Jazz CD Reviews
Miroslav Vitous Group w/Michel Portal – Remembering Weather Report – ECM
Published on July 23, 2009
Miroslav Vitous Group w/Michel Portal – Remembering Weather Report – ECM 2073 BOO13039-02, 48:02 *** [Release date: July 12, 09]:
(Miroslav Vitous, double bass; Franco Ambrosetti, trumpet; Gary Campbell, tenor saxophone; Gerald Cleaver, drums; Michel Portal, bass clarinet)
On Remembering Weather Report, the group’s first bassist, Miroslav Vitous, has written music inspired by the band’s early work and, as Vitous writes in his liner notes, their concept of "direct conversation and parity between the instruments, leaving behind old roles of rhythm section servitude." In the same liner notes, Vitous gets in a few digs at his old group, writing "After my departure, Weather Report moved away from this kind of freedom, and towards the rhythms of funk," and wryly dedicates the song Semina to Joe Zawinul’s "nobler aspirations."
As fans of early Weather Report and Vitous are aware, something quite magical can happen when the sound of Vitous’ doublebass and various horns intermingle, a mixing of the kind of Slavic folk melodies you might hear from Dvorak or Bartok with bluesy trumpet and saxophone lines. For those unfamiliar with this sound, I suggest tracking down Joe Zawinul’s first solo record and listening to the song, "His Last Journey," which contains a breathtaking doublebass melody courtesy of Vitous that sounds something like a ship’s blowhorn singing.
The highlight by far on Remembering Weather Report is "Variations on Lonely Woman," a cover of Ornette Coleman’s most popular song. Utilizing Michel Portal’s bass clarinet sound for its seductive, noir-ish sound, the group creates a heavy mood- equal parts sad and sensual. "When Dvorak Met Miles" is strong as well, featuring two or three gorgeous melodies from Vitous. But other songs suffer slightly from the very parity between instruments that Vitous touts as his goal, with the result sounding stuck somewhere between fusion’s experimentation with unconventional melodies and moods, and free jazz’s free-for-all. While I get the feeling Vitous may not feel fully comfortable anymore using a lot of electronic instruments or production effects like reverb and echo, those were the sorts of tools that helped music like this cohere, creating a mood and texture that allowed for a lot of experimentation without threatening to derail a song’s momentum.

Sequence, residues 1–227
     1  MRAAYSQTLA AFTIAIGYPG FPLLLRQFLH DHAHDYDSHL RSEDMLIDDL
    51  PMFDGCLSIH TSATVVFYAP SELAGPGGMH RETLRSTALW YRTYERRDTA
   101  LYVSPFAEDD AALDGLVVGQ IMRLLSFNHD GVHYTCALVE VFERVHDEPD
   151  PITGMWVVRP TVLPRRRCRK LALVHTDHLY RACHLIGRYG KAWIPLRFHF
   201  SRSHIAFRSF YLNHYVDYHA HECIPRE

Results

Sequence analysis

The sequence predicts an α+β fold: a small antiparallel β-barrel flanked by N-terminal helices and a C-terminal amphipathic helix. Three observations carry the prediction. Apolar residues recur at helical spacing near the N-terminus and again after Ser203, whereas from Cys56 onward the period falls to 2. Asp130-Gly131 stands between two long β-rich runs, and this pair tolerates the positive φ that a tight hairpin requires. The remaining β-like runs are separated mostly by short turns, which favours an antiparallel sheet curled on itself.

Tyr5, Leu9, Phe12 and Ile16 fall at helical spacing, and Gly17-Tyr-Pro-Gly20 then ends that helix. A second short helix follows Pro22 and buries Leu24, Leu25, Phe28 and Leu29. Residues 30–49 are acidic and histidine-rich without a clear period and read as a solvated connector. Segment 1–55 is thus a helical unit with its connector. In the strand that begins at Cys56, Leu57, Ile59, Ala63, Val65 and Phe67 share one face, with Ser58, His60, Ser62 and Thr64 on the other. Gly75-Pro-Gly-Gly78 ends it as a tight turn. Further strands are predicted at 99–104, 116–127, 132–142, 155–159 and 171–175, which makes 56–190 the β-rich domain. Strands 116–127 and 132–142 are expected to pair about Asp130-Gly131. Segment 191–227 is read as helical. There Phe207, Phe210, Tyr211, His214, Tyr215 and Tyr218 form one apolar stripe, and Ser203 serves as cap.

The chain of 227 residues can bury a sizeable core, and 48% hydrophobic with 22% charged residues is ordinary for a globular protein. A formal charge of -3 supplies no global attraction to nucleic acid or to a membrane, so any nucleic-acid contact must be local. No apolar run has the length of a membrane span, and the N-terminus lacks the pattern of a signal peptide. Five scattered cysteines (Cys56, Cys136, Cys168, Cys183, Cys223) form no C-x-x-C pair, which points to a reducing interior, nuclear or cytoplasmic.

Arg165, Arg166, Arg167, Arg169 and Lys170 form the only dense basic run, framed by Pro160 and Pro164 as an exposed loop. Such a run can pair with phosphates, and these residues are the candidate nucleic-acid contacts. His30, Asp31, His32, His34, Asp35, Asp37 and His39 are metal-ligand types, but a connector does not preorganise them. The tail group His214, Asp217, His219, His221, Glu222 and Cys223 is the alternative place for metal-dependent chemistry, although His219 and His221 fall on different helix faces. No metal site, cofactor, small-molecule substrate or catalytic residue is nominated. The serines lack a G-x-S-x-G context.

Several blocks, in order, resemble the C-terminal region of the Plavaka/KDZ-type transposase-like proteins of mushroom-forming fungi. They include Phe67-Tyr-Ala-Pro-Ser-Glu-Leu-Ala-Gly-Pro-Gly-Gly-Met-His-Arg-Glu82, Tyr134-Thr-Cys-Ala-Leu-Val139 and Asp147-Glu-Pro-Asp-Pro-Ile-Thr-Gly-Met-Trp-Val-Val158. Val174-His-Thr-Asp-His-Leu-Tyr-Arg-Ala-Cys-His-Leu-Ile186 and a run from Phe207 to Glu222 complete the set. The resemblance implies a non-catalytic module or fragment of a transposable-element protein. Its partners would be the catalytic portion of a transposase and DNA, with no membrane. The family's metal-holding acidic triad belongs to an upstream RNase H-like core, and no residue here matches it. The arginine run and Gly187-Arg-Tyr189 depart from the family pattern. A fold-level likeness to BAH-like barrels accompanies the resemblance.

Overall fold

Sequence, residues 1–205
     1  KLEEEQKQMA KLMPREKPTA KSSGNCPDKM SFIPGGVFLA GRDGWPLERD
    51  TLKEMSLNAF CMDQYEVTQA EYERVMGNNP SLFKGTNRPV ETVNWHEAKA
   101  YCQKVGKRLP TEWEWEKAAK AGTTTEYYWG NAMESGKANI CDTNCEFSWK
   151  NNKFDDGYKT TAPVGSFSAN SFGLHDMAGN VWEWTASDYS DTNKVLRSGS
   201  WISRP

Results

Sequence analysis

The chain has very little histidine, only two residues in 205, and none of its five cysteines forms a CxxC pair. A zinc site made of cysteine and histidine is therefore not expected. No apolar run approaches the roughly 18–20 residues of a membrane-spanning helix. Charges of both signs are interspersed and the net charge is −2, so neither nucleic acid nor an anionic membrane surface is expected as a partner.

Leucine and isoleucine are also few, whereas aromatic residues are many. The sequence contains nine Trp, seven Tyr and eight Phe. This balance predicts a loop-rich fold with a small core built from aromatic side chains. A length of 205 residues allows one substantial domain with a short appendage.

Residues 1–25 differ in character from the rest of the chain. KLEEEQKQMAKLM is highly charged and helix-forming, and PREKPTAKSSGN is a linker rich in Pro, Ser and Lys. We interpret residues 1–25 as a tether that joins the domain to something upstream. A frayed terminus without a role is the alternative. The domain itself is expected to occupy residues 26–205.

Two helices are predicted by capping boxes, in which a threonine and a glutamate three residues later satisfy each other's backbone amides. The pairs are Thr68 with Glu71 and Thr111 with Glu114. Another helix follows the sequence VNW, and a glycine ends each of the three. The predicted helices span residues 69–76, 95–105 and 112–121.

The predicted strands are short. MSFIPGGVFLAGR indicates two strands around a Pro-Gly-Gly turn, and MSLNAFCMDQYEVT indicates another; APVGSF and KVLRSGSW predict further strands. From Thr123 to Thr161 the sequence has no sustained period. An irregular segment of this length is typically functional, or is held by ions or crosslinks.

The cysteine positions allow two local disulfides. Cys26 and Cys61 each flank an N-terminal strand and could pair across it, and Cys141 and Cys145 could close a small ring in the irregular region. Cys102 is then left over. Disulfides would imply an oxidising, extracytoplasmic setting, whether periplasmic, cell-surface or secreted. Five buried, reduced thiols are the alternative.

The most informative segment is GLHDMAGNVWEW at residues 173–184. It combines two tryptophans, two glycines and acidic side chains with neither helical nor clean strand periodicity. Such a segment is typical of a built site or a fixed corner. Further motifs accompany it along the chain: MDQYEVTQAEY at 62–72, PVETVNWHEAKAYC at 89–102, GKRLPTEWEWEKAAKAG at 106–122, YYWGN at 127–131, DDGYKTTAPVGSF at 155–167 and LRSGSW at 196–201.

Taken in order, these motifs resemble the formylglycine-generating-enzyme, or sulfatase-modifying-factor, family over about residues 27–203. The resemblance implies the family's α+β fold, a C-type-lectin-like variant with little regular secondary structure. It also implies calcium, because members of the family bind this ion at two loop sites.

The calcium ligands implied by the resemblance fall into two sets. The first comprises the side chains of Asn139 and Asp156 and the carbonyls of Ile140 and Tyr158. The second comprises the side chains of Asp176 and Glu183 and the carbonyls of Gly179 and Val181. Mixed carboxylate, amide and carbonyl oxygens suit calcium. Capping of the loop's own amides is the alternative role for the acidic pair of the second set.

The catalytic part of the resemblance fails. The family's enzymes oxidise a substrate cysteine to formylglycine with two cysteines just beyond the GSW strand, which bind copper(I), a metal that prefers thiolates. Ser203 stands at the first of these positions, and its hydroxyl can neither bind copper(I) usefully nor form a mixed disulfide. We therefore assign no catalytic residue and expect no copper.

There is a lot of great playing on Remembering Weather Report, especially from Vitous and Portal, but I personally wish more attention was paid to creating a dominant mood or tone. However, if it’s this very creative chaos you appreciate, especially constant rhythmic instability, you’ll definitely enjoy Remembering Weather Report.
TrackList: Variations on W. Shorter, Variations on Lonely Woman, Semina, Surfing With Michel, When Dvorak Met Miles, Blues Report.
— Daniel Krow